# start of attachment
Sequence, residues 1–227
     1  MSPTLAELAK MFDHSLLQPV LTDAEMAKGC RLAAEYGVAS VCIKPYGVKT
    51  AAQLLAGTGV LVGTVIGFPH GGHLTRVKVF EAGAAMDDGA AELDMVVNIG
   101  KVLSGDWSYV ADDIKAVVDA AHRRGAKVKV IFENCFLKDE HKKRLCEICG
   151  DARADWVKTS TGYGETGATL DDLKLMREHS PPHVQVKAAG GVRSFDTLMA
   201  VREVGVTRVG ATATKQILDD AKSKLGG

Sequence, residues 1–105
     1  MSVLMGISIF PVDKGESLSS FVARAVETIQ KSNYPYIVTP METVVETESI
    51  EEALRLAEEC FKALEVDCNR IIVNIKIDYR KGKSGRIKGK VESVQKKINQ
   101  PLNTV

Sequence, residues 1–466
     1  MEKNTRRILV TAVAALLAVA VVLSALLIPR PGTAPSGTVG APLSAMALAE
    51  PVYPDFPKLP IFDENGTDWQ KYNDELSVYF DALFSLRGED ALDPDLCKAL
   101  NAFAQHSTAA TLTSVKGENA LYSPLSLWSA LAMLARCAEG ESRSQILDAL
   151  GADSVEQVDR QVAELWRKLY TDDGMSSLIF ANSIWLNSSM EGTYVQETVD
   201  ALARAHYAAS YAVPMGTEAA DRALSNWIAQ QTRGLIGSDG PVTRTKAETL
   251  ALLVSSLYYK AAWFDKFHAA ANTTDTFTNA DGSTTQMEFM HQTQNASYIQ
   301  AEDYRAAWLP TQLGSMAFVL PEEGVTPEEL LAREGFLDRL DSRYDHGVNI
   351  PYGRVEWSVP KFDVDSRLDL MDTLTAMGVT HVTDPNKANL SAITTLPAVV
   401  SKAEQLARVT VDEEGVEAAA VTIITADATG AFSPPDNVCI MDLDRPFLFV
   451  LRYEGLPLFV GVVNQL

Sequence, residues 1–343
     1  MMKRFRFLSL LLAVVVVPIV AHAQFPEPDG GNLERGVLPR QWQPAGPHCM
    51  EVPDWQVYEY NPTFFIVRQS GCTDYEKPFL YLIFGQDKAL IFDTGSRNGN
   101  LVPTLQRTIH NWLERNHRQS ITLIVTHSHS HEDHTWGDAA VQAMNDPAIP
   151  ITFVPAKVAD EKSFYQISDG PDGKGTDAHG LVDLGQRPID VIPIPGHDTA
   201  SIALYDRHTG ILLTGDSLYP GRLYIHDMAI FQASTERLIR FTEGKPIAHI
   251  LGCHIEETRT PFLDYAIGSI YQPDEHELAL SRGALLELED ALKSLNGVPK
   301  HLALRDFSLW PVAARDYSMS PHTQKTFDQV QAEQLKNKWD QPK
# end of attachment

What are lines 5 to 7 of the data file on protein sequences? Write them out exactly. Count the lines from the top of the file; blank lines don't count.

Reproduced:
   151  DARADWVKTS TGYGETGATL DDLKLMREHS PPHVQVKAAG GVRSFDTLMA
   201  VREVGVTRVG ATATKQILDD AKSKLGG

Sequence, residues 1–105